Bronchoscopies were performed in a cohort of participants with HIV infection and uninfected control individuals residing in Cape Town, South Africa, as previously described in90. All participants in the cohort were sensitized to Mycobacterium tuberculosis as defined by positive results of an interferon γ release assay (IGRA; Quantiferon, Cellestis), without active TB as defined by absence of signs or symptoms of active TB, lack of clinical findings by chest X-ray, and a negative BAL TB culture. All volunteers who had previously been diagnosed with or treated for TB were excluded. The HIV-infected participants in the Cape Town cohort were asymptomatic and not using antiretroviral therapy. All HIV + IGRA + volunteers were eligible for INH prophylaxis according to South African National guidelines, and were offered isoniazid prophylactic treatment for 6 months, which was the indication at the time. All samples were taken prior to INH treatment.
For in vitro experiments, BAL was also collected from a cohort of HIV-uninfected individuals, recruited from outpatient clinics at local Boston hospitals, following institutional review board approval (IRB protocol # 2013P000063) and written informed consent. For HIV infection experiments involving monocyte derived macrophages (MDMs), cells were isolated from buffy coats of anonymous healthy blood donors obtained from the Massachusetts General Hospital (MGH) blood donor center (Boston, MA) under protocol # 2005P001218.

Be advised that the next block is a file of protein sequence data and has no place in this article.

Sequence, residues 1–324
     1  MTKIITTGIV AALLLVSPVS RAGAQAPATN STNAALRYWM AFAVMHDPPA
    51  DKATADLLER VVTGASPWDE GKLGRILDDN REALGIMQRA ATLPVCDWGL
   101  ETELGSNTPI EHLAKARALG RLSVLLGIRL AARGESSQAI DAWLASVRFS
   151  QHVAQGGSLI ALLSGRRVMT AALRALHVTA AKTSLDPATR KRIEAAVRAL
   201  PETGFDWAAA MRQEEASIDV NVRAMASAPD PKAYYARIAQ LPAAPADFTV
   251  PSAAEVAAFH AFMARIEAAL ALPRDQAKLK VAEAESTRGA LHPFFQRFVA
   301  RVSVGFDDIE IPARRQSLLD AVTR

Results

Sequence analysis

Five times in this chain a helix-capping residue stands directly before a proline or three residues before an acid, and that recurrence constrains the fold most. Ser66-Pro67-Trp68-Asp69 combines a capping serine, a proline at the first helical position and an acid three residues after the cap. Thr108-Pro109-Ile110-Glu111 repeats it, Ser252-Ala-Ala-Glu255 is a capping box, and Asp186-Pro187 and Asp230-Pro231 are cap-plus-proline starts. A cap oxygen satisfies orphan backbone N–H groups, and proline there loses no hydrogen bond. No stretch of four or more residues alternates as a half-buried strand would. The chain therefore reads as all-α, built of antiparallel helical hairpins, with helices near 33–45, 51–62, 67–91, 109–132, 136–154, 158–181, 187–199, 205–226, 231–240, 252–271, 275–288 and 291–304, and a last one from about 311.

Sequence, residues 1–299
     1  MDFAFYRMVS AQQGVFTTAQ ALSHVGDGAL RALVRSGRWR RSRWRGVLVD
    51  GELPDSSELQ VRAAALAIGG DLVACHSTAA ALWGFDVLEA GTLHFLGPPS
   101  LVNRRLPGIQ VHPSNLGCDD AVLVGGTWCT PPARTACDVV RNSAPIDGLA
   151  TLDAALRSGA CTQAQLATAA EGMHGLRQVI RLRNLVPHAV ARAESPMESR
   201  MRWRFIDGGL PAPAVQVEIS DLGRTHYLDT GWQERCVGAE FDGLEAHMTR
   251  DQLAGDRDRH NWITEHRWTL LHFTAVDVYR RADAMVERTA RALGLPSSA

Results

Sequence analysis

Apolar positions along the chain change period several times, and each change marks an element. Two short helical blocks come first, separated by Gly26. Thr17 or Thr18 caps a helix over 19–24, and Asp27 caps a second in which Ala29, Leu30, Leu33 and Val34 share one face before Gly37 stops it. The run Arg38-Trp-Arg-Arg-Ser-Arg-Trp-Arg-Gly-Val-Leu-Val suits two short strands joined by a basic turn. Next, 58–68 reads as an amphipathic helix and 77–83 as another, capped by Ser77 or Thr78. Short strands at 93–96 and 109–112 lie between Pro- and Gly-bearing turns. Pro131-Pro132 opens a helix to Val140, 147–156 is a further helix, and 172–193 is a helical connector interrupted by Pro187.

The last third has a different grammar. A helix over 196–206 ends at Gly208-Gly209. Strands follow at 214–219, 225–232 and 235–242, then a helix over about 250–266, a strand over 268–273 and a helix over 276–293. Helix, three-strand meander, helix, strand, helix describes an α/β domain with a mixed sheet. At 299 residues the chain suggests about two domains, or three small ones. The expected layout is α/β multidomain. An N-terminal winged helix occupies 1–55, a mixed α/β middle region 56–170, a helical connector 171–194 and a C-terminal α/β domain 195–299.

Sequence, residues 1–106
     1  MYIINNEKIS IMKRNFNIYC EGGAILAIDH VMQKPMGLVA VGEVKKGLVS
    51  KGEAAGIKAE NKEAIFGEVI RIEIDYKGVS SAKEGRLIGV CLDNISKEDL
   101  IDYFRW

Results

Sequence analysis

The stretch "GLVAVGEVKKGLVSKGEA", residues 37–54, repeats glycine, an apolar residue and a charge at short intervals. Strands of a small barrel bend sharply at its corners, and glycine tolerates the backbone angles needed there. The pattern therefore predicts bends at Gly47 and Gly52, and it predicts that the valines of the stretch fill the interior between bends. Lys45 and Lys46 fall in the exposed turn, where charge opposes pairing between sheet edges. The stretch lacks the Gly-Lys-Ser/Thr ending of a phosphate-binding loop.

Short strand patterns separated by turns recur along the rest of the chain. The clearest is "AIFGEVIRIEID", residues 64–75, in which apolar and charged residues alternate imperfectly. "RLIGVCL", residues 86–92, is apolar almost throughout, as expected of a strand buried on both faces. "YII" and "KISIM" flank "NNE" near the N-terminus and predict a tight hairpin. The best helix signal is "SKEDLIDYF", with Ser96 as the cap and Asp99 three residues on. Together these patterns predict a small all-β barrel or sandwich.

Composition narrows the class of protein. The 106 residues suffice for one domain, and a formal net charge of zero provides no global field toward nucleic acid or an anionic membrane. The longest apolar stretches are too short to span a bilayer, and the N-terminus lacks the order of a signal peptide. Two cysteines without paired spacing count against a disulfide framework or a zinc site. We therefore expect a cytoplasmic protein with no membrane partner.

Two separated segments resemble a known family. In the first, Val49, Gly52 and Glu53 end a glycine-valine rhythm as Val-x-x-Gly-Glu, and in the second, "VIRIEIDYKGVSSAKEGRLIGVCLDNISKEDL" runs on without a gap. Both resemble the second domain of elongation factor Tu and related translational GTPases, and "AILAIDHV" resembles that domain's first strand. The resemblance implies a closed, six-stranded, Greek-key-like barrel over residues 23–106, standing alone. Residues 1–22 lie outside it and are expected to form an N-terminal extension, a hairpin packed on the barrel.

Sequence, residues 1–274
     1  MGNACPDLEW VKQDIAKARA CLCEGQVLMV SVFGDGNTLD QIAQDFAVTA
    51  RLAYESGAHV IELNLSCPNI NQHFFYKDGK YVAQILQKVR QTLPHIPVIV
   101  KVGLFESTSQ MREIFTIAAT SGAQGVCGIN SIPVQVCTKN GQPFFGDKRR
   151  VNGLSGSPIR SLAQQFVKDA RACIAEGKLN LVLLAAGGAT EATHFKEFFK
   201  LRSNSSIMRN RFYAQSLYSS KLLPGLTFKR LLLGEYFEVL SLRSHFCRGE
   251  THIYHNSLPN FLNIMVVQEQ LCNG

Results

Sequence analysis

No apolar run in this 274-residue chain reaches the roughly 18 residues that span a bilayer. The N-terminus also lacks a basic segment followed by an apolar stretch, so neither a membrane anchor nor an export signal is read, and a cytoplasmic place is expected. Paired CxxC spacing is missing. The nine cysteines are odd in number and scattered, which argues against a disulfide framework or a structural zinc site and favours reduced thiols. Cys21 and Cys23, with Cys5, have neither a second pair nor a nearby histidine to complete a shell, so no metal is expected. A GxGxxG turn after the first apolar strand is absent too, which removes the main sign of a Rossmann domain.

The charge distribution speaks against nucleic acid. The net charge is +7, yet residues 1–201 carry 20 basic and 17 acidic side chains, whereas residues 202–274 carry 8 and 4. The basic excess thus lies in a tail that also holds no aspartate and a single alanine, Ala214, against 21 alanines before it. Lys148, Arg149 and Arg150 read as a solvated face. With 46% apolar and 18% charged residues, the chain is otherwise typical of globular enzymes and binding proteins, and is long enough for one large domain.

Bronchoalveolar lavage (BAL)
Bronchoscopies were performed under conscious sedation via standard technique15,90. For each BAL in the Cape Town cohort, samples were collected from the right middle lobe by washing with 160 ml of normal saline. After adherence, approximately 10,000 cells were centrifuged onto a coated microscope slide using a Cytospin Centrifuge (Shandon 3.0). The slide was then allowed to dry, dipped repeatedly in fixative and differentially stained by dipping the slide consecutively in two contrasting dyes (RapidDiff Kit, Clinical Sciences Diagnostics). The differential stain allows characterization of lymphocytes, macrophages and neutrophils, based on morphology. The slide was then viewed under immersion oil magnification using a light microscope and a total of 200 cells were counted. The BAL samples consisted of a median of 96% and 93% macrophages prior to adherence, in the HIV+ and HIV- BAL samples, respectively. This was enriched further by adherence for 20 min in order to eliminate the non-adherent cell fraction.
For the Boston cohort, samples were collected from the lingula and the right middle lobe by washing 120 ml of normal saline in each segment. Alveolar macrophages (AMs) from bronchoscopy participants were isolated by 20–60 min of adherence. AMs for in vitro infection were washed 3 times with PBS and cultured in RPMI with 10% (v/v) FCS. BAL CD4+ T cells were obtained at bronchoscopy of ART-naive uninfected participants using a Human CD4+ T cell Enrichment kit (StemCell EasySep) on non-adherent BAL cells.
Cell isolation from blood